Oops, here's the link.
Judges also ask questions during oral arguments specifically to direct the subject or issues in a certain direction. For example, during the debate over Obama's health plan (PPACA), Scalia asked questions about the government forcing people to eat broccoli, while other justices asked questions about requiring car insurance payments.
Thomas is unusual because he almost never speaks, yet he clearly has a political bias. Back in January, he finally asked a question (or made a comment, no one is quite sure) for the first time in seven years. It was surprising enough that it was noteworthy.
Wasn't it a combination of all of the above? The FBI collected video recordings and photos from all available sources, and identified two suspects. The FBI had one of the suspects putting the backpack on the ground right before one of the explosions, and also saw the two of them walk away from the scene afterward. That information was enough to pick those two and, for example, rule out the people identified by the NY Post and Reddit. But the images weren't clear enough, so they asked for the public's help for clearer images and for the suspect's names.
That's the thing about the case that bothers me the most. I'm not religious so I'm a little biased, but what exactly does the ID card have to do with the so-called "mark of the beast"? The school has a right (and well, responsibility) to know where students are during school hours, and takes attendance because it only receives money when students show up. The school even offered to disable the RFID, which should have dealt with the "mark" issue. And like the situation involving the nurse fired for refusing the flu shot, the policy is applied to everyone and isn't narrowly targeted at a small group. I fail to see how this is even a religious issue, other than some random defense against a rule that the girl and her father dislike. Or even another chance to claim "religious freedom!"
If the Antichrist were so evil, I think there would be more serious ways for he (it?) to make his presence known than as RFID. Business people and lawyers, for example.
Darrell Issa strongly opposes net neutrality, with a Republican platform that supports some ironic thing called "internet freedom". Last year, Issa ripped into FCC Chairman Julius Genachowski at a Congressional hearing, accusing him of doing Obama's bidding regarding net neutrality (wtf?).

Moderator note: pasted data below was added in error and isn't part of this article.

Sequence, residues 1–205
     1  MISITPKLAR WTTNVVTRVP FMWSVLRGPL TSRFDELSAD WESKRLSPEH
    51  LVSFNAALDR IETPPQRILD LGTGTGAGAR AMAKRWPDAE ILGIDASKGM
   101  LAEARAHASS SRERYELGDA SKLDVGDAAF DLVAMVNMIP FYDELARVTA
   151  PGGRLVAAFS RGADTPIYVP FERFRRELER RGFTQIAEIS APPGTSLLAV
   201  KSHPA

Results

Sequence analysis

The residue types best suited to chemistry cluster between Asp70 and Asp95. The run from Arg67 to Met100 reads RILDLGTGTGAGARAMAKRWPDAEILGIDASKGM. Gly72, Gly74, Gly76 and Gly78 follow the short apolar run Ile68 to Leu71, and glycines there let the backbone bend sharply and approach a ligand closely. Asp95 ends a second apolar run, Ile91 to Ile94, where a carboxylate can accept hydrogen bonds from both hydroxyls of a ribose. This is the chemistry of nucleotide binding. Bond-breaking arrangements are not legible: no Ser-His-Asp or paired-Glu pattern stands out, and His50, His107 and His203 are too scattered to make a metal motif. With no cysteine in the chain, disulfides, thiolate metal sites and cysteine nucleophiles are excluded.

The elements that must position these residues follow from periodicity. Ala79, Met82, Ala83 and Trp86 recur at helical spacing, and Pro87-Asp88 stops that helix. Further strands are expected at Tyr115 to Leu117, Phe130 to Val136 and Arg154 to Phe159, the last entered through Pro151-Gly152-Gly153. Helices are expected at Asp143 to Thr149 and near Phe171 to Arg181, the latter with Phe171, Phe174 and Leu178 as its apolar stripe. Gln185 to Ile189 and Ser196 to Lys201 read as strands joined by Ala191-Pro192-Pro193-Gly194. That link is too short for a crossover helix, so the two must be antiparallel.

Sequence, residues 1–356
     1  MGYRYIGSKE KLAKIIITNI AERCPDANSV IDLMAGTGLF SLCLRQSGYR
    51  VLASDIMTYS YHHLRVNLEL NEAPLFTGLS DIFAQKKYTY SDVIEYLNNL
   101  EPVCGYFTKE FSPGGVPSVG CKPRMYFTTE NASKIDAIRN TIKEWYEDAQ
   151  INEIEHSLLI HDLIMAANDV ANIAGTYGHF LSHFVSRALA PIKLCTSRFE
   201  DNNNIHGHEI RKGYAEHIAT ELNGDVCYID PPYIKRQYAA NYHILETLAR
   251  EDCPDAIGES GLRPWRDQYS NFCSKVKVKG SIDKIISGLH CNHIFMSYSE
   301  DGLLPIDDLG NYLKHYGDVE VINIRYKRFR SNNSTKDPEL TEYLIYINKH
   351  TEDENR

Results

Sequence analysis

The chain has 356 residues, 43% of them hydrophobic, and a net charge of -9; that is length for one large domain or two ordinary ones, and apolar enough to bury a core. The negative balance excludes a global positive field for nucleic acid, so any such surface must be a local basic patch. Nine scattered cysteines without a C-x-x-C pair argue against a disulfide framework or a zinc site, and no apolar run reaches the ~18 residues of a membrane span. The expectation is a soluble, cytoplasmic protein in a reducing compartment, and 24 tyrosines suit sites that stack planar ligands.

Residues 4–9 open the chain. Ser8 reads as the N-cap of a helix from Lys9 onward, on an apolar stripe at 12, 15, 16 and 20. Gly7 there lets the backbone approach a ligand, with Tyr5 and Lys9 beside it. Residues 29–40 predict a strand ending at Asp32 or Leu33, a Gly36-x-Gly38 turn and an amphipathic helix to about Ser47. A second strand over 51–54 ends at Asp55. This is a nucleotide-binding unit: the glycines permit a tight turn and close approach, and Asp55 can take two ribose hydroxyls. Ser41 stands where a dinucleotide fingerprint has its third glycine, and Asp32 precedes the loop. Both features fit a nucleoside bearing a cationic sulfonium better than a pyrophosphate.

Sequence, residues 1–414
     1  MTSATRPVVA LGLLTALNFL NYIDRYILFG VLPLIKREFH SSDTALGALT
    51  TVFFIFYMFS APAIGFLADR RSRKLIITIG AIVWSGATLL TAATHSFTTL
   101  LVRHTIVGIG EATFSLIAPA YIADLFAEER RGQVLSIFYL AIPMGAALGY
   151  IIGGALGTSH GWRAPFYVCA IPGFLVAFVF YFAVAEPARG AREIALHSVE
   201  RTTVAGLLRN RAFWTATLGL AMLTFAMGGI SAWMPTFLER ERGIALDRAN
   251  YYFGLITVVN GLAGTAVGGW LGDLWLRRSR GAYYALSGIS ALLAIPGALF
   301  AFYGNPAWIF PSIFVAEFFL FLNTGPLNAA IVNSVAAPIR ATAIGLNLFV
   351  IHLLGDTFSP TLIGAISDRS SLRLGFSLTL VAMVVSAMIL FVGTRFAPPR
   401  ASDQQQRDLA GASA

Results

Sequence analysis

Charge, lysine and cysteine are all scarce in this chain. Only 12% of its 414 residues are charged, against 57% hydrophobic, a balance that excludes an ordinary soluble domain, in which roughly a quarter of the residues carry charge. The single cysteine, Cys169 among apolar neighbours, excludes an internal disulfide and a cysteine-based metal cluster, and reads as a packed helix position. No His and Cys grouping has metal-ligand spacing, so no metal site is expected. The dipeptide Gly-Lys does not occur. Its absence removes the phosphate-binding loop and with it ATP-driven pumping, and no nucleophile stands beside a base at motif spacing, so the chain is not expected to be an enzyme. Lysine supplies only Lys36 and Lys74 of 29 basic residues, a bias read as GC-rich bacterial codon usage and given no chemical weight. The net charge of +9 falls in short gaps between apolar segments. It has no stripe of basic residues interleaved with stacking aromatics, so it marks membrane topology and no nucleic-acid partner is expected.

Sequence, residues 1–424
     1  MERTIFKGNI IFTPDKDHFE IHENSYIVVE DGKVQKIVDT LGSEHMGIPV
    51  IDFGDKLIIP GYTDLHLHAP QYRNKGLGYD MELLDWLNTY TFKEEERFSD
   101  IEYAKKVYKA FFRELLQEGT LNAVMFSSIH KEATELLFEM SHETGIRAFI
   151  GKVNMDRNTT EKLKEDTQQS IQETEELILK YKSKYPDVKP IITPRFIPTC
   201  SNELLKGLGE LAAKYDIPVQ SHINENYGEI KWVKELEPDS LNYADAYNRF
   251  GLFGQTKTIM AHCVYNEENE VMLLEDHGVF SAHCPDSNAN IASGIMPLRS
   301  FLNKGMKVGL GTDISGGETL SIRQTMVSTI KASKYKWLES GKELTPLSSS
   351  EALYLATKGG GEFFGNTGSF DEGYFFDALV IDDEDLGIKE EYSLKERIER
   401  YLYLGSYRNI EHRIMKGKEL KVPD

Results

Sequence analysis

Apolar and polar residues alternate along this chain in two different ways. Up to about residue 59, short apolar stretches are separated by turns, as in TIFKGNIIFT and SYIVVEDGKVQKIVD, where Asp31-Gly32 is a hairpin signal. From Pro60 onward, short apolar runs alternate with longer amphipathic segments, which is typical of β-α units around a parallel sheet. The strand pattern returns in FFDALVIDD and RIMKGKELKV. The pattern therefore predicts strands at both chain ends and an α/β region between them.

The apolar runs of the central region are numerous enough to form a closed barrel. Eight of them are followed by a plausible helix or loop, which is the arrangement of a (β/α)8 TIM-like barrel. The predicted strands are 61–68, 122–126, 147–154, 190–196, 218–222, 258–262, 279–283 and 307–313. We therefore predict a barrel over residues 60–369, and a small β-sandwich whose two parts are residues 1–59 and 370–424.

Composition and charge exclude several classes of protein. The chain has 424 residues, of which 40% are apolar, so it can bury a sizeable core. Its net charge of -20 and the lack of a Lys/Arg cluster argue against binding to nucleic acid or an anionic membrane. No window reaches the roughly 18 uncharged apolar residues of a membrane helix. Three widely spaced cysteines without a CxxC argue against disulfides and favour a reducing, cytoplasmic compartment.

In short, Issa is a conservative Republican who has been on a mission to destroy net neutrality.
Influenza is and has always been lethal. There are different types of influenzavirus A, and they are named based on the two main proteins that allow it to infect cells: hemagglutinin (H) and neuraminidase (N). A new strain can result from mutation after an influenza virus is transmitted from an animal species to humans. My understanding is that (small) viral mutations occur all the time; thus, we create a flu vaccine based on the three strains that we believe are going to be most common in the next year. These are the seasonal epidemics, and are caused by antigenic drift. The "old" strains will either have died out or many people will still have immunity to them. However, if a gene reassortment occurs involving strains from different animal species (antigenic shift), then a global pandemic can result. The pandemic ends after people begin developing immunity to the new strain, and new infections begin to drop, and this phase is called the post-pandemic phase.
(In response to your other post...) incidentally, I have narcolepsy, although it wasn't caused by the vaccine. I wonder how the vaccine may have lead to these cases, though.
I'd much rather not have Santorum go Santorum on my ass...
I'm not so sure I would agree with Google's typical defense on this issue, which is that they have an algorithm that automatically ranks all the search results and they can't change that. Except they manually change the results. When companies break their rules, they can punish them. For example, when BMW's German website was found to influence results, Google banned them from their index. An eyeglass company, DecorMyEyes, verbally abused its customers to generate bad reviews
The irony is that the FDA, through the investigation of its own scientists, released companies' trade secrets. An FDA contractor had compiled a report, and one of the fired scientists came across it by doing a search online.
Also, spying on members of Congress and making an "enemies" list of them is certainly a great way to piss off some powerful people...
Why does Apple need to complain and whine about all these stupid patents? It's already the largest and most profitable technology company, and its cash reserves are insane. Everything it's doing is just like the Microsoft of the 1990's. And Steve Jobs was possibly a bigger asshole than Gates and Ballmer. Except, for some reason, people actually liked Jobs.
Sure, I agree with your points. But they don't have much to do with government control and regulation. What's your solution to these problems? Having a single-payer healthcare system and schools run by the federal government? Half the country would start to scream "socialism," even though it's much more like the systems in other developed countries. The problem isn't the tax deductions that employers get from offering health insurance, it's from the healthcare system and health insurance itself. Do you know what else isn't sometimes covered by insurance? Anesthesiologists. Because when you're going into surgery, nobody asks whether the anesthesiologist is in-network or out-of-network.